This memoir follows her process of purchasing and raising ‘Mabel’. In the words of the publisher, by projecting herself “in the hawk’s wild mind to tame her”, Helen tested the limits of her own humanity and changed her life.

There is so much I could say about this book – it is so broad reaching, both in content and in depth, and it does so with a wonderful sensibility (and yes, some weirdness, which actually rings so true – Helen truly is struggling with her loss and sense of who she is).

I’ll contain myself to one quote only:

‘Of all the lessons I’ve learned in my months with Mabel this is the greatest thing of all: that there is a world of things out there – rocks and trees and stones and grass and all the things that crawl and run and fly. They are all things in themselves, but we make them sensible to us by giving them meanings that shore up our own views of the world. In my time with Mabel I’ve learned how you feel more human once you have known, even in your imagination, what it is like to be not. And I have learned, too, the danger that comes in mistaking the wildness we give a thing for the wildness that animates it. Goshawks are things of death and blood and gore, but they are not excuses for atrocities. Their inhumanity is to be treasured because what they do has nothing to do with us at all ‘

You can find more details here.



I drew a few implications from these books (and the article) – other than pure enjoyment, of course.

  1. Taking time to observe, to identify, to reflect, is really really important. Nothing can replace the curiosity combined with empathy of trying to understand others – and that includes nature. A sense of wonder and fascination can be encouraged, it’s great to get in early, but it’s never too late.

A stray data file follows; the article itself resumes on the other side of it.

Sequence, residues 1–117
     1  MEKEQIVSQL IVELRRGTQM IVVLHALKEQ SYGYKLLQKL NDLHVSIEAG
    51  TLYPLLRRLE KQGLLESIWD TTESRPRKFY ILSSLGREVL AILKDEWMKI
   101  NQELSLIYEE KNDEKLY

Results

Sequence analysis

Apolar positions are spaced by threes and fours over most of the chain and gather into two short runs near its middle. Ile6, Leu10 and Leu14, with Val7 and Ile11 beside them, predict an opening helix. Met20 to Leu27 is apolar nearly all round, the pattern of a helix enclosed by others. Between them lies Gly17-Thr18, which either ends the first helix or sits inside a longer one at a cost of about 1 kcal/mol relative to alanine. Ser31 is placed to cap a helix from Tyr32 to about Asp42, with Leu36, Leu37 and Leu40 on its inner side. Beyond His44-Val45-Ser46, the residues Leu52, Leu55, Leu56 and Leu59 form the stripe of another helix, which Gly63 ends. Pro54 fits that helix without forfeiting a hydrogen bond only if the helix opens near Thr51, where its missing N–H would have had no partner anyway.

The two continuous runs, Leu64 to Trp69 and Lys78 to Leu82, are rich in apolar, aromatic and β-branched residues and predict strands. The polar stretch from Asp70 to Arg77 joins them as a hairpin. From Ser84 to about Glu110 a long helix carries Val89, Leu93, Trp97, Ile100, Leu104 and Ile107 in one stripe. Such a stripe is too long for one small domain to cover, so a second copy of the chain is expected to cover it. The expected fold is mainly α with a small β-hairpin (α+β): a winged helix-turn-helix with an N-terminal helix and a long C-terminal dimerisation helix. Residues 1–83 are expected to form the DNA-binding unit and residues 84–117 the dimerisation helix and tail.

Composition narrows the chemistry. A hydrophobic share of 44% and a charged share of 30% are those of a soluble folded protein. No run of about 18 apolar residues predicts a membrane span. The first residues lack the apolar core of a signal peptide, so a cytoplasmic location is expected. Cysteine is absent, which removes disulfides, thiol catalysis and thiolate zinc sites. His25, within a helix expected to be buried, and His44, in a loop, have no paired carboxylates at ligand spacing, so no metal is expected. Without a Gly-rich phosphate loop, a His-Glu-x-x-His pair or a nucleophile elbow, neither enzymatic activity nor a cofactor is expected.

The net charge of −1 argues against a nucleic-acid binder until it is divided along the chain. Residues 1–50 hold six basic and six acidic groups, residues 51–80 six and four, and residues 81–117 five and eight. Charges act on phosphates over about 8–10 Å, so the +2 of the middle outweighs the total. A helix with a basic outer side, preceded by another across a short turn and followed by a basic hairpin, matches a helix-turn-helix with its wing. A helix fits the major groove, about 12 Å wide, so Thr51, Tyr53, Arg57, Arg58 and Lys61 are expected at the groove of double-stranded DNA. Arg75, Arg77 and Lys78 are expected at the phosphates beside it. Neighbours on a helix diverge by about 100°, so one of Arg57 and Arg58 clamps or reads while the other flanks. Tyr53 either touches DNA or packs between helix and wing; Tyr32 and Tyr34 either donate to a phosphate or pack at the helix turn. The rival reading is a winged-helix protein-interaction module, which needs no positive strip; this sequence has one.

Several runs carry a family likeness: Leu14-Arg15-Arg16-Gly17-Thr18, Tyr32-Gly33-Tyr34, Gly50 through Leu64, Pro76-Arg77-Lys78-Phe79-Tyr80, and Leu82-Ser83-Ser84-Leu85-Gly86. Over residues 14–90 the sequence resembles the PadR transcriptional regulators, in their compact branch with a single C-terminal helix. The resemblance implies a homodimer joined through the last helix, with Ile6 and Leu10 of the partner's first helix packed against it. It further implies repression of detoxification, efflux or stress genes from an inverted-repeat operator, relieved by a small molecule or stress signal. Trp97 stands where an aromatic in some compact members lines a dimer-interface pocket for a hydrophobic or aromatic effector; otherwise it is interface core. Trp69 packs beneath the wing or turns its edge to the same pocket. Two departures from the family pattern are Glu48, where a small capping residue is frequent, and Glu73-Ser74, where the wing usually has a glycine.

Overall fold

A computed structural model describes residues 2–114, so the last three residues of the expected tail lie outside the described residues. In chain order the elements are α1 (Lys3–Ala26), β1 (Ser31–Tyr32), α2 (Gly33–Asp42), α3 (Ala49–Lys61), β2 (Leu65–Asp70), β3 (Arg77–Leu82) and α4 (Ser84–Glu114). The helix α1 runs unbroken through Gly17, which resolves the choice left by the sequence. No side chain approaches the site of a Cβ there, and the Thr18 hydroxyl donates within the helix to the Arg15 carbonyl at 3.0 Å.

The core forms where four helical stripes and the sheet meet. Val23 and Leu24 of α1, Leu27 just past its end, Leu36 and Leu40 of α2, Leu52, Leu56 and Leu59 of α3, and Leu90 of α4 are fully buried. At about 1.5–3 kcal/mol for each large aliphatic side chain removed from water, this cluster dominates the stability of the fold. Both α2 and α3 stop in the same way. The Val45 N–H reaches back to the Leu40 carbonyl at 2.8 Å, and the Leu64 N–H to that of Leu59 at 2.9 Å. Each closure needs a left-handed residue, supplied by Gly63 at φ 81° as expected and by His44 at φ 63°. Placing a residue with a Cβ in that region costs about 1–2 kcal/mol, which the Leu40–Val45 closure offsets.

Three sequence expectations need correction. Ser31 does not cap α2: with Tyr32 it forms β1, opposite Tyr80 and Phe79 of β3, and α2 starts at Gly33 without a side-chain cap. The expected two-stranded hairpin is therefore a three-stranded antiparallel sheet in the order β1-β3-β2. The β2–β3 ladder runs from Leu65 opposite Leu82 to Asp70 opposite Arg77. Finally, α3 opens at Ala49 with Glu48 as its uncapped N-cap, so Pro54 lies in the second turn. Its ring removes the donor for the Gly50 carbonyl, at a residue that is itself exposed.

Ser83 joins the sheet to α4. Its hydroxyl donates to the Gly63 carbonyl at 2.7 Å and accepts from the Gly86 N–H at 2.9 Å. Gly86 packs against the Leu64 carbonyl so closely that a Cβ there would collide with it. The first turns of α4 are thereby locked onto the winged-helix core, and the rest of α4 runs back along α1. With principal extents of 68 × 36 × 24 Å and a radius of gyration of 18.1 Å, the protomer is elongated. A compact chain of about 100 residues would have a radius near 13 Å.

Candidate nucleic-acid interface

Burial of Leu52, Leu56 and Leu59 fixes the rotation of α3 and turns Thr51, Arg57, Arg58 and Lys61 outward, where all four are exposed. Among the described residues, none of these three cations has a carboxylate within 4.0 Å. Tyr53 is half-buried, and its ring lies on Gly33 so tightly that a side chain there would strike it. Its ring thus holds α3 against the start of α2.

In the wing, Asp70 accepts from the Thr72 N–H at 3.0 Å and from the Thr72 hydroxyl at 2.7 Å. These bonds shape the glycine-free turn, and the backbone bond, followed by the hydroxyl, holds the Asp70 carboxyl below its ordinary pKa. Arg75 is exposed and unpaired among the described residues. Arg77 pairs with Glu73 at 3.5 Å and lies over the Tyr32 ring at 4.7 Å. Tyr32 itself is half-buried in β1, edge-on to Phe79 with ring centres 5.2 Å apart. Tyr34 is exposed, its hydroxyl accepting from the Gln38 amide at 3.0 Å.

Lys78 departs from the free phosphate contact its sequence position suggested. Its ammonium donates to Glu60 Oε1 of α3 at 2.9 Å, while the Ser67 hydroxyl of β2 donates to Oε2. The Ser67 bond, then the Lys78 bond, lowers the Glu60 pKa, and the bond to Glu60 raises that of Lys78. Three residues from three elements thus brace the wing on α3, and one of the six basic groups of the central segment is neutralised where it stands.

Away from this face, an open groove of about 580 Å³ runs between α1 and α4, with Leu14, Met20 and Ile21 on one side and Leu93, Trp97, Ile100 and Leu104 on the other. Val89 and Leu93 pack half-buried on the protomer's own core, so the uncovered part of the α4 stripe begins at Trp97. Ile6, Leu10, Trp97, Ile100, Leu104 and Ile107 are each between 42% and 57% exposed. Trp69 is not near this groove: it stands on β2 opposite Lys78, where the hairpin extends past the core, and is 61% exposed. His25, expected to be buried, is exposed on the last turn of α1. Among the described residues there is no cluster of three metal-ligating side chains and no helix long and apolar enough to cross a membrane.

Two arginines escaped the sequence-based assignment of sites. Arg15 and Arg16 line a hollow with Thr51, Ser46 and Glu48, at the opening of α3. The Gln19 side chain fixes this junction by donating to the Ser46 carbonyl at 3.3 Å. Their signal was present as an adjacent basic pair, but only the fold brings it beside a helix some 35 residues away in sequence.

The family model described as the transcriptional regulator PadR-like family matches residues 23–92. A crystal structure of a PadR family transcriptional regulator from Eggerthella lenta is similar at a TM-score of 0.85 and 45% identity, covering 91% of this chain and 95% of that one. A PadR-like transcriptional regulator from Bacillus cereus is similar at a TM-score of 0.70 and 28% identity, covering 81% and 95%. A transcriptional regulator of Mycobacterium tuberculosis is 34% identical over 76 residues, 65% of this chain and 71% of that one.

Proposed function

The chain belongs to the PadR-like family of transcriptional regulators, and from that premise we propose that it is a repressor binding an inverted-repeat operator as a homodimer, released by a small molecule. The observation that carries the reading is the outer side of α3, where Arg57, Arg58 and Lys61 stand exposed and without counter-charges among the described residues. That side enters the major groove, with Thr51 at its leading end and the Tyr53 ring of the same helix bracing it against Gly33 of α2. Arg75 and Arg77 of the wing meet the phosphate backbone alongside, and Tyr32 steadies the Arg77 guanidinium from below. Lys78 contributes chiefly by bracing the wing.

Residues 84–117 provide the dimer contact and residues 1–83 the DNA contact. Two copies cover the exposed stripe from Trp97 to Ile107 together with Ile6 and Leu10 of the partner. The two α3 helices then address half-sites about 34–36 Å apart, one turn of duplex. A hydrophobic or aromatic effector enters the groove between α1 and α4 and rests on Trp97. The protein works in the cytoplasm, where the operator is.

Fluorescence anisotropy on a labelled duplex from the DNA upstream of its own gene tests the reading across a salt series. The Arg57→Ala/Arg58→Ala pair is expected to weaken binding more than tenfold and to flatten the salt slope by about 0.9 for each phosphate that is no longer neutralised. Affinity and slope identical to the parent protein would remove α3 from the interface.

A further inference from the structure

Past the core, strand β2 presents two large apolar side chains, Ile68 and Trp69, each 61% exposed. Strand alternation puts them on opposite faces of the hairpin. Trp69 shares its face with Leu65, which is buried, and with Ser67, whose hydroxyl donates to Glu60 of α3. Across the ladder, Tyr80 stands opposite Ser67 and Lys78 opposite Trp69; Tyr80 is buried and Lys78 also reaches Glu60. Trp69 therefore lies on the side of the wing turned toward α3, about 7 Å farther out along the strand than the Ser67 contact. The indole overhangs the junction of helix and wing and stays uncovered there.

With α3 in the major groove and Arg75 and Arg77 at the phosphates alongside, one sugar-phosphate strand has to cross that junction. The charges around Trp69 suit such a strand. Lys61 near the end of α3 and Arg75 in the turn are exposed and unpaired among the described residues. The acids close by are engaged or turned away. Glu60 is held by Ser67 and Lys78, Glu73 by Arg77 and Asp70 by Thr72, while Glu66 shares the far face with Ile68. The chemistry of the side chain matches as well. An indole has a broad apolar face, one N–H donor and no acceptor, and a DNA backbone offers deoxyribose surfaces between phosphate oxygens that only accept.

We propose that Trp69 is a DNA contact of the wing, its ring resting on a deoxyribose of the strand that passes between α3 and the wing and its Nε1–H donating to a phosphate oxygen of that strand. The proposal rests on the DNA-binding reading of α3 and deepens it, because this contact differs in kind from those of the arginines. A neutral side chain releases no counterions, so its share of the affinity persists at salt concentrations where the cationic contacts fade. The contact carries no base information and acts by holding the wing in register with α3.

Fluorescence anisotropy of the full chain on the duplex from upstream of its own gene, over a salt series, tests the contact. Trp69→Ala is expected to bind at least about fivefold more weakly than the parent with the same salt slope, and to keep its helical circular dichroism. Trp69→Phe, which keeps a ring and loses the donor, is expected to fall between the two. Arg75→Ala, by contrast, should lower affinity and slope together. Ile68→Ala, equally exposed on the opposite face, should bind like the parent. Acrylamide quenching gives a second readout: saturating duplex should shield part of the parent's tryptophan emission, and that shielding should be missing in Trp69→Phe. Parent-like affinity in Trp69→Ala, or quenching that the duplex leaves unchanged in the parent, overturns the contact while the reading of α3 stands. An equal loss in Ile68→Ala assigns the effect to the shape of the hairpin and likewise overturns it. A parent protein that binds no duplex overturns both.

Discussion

2. We can find this connection in so many ways – there’s no one ‘right’ way, and, in fact, a variety is probably best. Yes, it’s really important to spend more time outdoors, actively exploring our surrounds and participating in activities like bush walking, camping, fishing. It’s also great to grow your own plants, watching them evolve, appreciating their beauty, or their fragrance, or their taste. Those of us with pets are at an advantage – and a pet can be a small as a snail – or animals that we need to care for in other ways, but we can also benefit from caring for other people’s animals, or from just noticing.
  3. Be part of the experience. We so often watch things from a distance – even more so as we try to capture things through the lens of a camera or phone. But that takes things out of context. Actually being part of the experience makes a far stronger impact.As Helen said ‘I’ve learned how you feel more human once you have known, even in your imagination, what it is like to be not‘.Part of that learning helps us avoid attributing things to nature that are unfounded – and equally, claiming some attributes for ourselves just because we see them in others. For instance, animals at times might appear cruel (certainly, birds of prey) but that doesn’t need to form part of ours – we should be able to more sacrificial, if we are to protect what is so important. Appreciate our differences as well.
  4. The stories of others are powerful. Share them. 



Have you read any books which have inspired you to look at the world, and nature specifically, differently? If so, I’d love to hear any other suggestions!

Ps – If you want to hear more of the wonderful thoughts of Helen MacDonald, she gave the closing speech at the 2015 Sydney Writers’ Festival, titled ‘On Looking at Nature’. Really worth a listen.





5 thoughts on “Literary insights: How we see and connect with nature

    1. It was such a powerful read – I couldn’t imagine it either but it made me very appreciative of what I have (plus more aware of what you can gain value from – even a snail) 🙂